"This Matter of Fact being directly proved by so many Persons of unquestionable Credit; the Lords Committees think, that, by the Reasoning used in the Answer, the Prince's Council could not judge the Three Men of War a sufficient Convoy, and consequently ought not to have suffered them to sail Westward on the First of May; especially considering that, from Time to Time, Notice had been sent to the Admiralty-office, from both the Secretaries of State, of the Strength of the Dunkirk Squadron; and when it is so fully proved, that they owned, "They had Notice that Squadron was gone Westward."
"The 10th Paragraph of the Answer relates to the Complaint of the Merchants, touching the Russia Ships.
"The Instructions to Sir William Whetstone, of the 10th of June last, take Notice, "That the Dunkirk Squadron was gone Northward; and that there was Reason to believe, they were designed for the Coast of Norway; and that they would look out for, and endeavour to intercept, the Fleet bound to Russia for Naval Stores; which made it absolutely necessary, that the Convoy to that Trade should be strengthened. And he is thereby directed, "To proceed, with all the Merchants Ships under his Convoy, as far as the Northermost Part of the Isle of Shetland, and there to leave them to prosecute their Voyage, with their proper Convoy."
"The Lords make this Observation, That, after such Intelligence, it appears very reasonable, that Sir Wm. Whetstone's Orders should have been, to see a Fleet of such Consequence out of Danger before he left them.
"The Lords Committees do think it necessary to inform the House, that Captain Nenion Masters, Commander of the Ship Nenyon and Benjamin, made Oath, "That, on or about the Ninth Day of July last, his Ship, together with about Eleven or more English Ships, were unfortunately taken, in their Voyage to Arch-Angel, by the Chevalier Fourbin's Squadron, consisting of Seven French Ships of War; that his Ship was the First taken, and he was immediately carried on Board Monsieur Fourbin, who demanded of him what Number of Convoys the English Fleet bound for Arch-Angel had with them;" he answered, "Twelve Sail." To which Fourbin replied, "He spake what was false, for there were only Three Ships of War Convoy to the English Fleet;" Fourbin then declaring, "That he knew Admiral Whetstone, with his Squadron, came with the Fleet no farther than the Isle of Shetland, and then returned back again."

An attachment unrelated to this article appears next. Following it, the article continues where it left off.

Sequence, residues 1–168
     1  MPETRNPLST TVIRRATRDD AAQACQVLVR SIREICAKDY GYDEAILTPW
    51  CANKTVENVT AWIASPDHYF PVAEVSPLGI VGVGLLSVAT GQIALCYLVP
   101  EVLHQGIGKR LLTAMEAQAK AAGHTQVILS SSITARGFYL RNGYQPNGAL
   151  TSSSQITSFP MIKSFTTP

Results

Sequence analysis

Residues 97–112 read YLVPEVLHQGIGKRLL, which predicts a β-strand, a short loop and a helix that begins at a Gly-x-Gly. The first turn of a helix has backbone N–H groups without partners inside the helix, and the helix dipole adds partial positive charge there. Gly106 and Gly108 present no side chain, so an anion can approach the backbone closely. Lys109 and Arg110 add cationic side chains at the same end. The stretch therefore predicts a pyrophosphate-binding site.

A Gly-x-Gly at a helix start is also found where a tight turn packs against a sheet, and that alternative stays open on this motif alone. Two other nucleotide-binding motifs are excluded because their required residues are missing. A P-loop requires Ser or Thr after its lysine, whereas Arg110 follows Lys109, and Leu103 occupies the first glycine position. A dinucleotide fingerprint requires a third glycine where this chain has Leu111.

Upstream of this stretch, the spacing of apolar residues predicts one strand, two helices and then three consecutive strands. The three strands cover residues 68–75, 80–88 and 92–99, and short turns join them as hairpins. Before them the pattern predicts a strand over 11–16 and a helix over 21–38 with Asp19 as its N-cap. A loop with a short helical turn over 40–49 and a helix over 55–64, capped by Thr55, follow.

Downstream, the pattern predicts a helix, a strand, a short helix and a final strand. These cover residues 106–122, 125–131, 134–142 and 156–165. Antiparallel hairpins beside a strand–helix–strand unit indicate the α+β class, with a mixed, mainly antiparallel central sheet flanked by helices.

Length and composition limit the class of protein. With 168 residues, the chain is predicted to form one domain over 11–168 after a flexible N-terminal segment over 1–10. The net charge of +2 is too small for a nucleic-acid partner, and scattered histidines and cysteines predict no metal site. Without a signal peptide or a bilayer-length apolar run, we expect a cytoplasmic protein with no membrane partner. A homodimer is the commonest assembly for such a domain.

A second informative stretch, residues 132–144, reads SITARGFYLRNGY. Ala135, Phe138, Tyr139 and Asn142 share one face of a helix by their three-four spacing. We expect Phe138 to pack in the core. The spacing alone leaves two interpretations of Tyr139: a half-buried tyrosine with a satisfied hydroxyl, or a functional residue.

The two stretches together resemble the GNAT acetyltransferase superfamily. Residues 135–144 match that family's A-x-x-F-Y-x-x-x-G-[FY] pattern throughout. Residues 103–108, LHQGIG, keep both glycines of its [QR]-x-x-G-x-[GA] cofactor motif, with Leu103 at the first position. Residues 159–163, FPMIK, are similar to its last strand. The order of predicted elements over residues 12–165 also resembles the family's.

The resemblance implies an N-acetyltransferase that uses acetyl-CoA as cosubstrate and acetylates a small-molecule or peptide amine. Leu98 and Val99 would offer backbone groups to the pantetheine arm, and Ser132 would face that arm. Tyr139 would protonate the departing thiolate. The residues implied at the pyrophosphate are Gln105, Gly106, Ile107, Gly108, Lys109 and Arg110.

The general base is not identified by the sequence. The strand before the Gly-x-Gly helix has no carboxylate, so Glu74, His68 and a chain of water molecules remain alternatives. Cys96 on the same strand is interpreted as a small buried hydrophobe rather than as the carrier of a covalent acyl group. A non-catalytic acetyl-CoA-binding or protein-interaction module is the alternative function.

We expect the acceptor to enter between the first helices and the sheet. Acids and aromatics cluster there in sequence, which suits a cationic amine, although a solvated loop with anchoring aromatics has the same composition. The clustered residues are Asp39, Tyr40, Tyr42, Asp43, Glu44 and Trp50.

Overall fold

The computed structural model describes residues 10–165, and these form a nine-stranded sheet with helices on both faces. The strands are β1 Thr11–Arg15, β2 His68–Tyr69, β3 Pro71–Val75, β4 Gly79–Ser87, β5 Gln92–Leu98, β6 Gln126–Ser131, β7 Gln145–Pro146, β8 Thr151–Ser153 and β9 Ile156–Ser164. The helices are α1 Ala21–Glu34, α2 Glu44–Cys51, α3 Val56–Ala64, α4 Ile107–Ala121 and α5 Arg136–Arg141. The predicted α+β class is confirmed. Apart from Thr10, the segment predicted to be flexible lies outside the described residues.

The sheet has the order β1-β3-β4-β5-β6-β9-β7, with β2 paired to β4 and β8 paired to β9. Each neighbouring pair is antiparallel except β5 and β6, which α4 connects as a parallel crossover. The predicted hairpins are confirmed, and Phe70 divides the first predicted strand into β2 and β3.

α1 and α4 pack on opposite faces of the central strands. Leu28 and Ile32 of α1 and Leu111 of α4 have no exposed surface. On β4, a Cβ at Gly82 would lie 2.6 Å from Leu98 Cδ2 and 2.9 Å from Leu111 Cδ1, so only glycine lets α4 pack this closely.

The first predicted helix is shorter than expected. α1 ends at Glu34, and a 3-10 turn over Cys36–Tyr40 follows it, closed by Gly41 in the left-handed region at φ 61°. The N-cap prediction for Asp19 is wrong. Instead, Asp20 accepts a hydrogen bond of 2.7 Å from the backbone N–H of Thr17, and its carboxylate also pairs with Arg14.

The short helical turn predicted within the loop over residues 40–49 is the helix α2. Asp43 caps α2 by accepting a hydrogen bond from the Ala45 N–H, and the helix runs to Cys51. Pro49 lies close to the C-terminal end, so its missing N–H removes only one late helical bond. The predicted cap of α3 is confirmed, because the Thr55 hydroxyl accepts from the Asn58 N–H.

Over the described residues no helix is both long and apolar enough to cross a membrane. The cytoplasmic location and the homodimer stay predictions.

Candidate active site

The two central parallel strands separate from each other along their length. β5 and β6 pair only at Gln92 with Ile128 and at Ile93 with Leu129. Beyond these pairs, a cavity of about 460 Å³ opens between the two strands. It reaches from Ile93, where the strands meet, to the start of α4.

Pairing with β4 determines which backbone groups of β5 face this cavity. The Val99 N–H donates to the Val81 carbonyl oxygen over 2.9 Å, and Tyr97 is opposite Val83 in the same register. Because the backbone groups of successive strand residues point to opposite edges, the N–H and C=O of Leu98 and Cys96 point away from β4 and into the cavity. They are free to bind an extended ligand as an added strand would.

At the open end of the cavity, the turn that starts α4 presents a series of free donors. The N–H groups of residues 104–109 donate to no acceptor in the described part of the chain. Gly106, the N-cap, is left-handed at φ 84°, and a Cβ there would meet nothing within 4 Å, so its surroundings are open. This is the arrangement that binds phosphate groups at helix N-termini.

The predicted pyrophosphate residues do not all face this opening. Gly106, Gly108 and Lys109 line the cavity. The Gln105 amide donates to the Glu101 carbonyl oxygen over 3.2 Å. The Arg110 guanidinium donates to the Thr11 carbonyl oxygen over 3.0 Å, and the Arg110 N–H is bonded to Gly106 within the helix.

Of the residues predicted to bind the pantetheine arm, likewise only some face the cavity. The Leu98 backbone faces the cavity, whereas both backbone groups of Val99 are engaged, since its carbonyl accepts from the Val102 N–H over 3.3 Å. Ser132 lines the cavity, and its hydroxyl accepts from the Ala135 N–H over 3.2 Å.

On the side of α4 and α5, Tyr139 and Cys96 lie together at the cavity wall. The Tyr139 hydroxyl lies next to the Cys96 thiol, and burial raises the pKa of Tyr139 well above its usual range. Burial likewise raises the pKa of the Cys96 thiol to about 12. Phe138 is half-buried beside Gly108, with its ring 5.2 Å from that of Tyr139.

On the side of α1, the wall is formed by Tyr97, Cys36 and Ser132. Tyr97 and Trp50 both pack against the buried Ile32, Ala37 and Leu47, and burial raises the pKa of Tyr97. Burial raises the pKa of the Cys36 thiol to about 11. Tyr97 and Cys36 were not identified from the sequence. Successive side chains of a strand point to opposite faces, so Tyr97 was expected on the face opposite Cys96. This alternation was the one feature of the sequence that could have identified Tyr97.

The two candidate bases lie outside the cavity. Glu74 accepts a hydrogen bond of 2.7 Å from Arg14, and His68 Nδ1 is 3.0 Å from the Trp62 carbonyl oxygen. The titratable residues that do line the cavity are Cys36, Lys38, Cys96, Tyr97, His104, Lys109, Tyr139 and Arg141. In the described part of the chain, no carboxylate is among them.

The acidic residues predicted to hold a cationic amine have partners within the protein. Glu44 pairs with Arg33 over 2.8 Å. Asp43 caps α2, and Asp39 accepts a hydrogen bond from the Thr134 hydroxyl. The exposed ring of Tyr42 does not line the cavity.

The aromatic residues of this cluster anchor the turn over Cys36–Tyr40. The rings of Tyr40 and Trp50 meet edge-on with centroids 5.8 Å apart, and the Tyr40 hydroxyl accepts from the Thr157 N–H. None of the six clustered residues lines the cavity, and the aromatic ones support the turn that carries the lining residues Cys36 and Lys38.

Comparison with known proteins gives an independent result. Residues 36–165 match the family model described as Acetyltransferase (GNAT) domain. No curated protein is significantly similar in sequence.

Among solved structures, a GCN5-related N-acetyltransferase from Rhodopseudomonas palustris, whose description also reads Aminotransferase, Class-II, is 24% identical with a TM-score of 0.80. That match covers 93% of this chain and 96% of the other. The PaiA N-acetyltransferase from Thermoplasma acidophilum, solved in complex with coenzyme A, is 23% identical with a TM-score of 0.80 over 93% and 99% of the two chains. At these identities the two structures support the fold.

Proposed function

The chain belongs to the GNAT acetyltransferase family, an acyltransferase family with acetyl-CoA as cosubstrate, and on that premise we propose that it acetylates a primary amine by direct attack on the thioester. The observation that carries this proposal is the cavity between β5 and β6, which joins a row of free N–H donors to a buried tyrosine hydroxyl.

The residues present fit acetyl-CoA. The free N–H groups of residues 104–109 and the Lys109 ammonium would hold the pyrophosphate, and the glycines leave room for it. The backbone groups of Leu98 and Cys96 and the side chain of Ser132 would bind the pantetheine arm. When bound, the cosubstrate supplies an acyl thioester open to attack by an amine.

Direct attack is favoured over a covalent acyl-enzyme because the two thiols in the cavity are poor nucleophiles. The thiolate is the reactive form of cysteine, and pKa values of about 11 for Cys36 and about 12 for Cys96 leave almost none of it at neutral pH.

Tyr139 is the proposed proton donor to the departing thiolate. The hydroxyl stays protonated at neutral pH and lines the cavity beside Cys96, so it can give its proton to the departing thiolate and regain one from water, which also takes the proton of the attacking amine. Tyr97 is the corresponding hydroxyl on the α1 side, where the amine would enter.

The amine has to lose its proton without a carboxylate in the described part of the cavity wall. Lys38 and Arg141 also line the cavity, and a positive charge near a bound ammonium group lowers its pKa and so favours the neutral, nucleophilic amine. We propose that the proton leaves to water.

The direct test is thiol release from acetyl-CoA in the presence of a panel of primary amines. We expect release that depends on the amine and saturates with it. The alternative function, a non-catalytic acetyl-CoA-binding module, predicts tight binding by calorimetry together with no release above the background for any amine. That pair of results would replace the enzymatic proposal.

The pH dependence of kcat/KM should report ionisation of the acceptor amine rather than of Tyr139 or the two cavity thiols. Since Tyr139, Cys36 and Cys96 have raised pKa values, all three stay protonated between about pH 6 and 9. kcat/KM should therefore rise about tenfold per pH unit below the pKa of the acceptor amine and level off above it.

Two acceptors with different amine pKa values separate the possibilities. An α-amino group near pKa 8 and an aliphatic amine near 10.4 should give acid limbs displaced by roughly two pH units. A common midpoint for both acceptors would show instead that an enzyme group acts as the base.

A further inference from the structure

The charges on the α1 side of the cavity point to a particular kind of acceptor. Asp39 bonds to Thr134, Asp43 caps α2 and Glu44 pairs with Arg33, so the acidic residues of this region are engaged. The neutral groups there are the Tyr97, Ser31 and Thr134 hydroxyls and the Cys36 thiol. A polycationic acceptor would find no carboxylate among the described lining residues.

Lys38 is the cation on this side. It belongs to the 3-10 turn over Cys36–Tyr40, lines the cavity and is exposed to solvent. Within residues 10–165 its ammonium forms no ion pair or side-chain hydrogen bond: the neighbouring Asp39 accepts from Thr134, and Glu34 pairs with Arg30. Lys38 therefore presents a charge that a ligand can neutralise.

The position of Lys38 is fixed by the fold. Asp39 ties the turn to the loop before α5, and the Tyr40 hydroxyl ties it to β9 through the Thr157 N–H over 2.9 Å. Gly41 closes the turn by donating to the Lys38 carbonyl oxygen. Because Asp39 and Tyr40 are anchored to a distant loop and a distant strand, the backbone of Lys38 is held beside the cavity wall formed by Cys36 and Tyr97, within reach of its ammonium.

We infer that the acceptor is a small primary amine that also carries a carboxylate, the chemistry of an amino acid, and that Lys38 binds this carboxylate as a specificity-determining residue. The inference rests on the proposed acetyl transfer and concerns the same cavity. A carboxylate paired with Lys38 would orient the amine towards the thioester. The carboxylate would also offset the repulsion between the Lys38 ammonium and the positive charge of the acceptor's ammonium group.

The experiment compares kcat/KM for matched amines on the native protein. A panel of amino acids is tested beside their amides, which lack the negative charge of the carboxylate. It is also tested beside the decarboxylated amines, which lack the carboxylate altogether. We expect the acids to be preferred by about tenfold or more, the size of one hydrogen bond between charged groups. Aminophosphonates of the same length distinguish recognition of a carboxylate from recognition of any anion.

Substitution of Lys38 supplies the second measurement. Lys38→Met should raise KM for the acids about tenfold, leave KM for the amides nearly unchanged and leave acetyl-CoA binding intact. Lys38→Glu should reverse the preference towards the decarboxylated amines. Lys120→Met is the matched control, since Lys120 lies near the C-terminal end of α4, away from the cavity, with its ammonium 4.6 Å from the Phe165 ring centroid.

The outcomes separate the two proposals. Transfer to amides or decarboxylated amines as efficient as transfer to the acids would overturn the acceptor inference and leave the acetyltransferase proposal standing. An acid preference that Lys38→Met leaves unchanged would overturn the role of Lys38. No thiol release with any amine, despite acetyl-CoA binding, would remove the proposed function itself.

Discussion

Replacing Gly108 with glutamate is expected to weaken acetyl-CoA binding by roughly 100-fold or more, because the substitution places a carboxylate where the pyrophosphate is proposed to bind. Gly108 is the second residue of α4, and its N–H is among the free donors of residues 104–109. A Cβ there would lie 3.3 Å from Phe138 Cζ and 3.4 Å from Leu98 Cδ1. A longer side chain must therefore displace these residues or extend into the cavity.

"As to the 11th Head of the Answer, respecting the Merchants Complaint of the Weakness of the Convoy sent for conducting the King of Portugal's Horses, and the Trade to Lisbon; the Lords Committees do only make this Observation, That the Fleet having lain at Spithead for many Months, whereby the Enemy had an Opportunity of knowing the Value and Consequence of it; and Notice being taken in the Orders to Captain Edwards, of the 7th of September, 1707, of a Squadron of the Enemy's Ships cruizing betwixt Scilly and Ushant;" and Notice being also taken in the Orders of the Sixth of October, to Sir John Leake, "That Monsieur Fourbin was sailed from Brest with several Ships, and was to be joined with others;" it seems very unaccountable that at last such a Fleet should be suffered to sail without a greater Strength. The 13th, 14th, 15th, and 16th Paragraphs of the Answer relating principally to the former Deposition of Mr. Jacob Henckell; the Lords Committees ordered him to attend again, and he was further examined, in relation to the Facts mentioned in the Answer.
"He desired to observe, "That the 13th Paragraph made him say what was not in his Deposition; for he did not say the Corn Ships were ready to sail in July and August, but that a great Quantity of Corn was bought in those Months."
"If any Thing was concerted at The Hague, that the Ships of The States General should call at Spithead to take our Merchant Ships under their Convoy, it was strange no Notice should be given of so good an Agreement, that so the Merchants might have disposed their Affairs for taking the Benefit of it; especially when he and the other Corn Merchants very frequently applied to the Prince's Council, to know when they might expect a Convoy.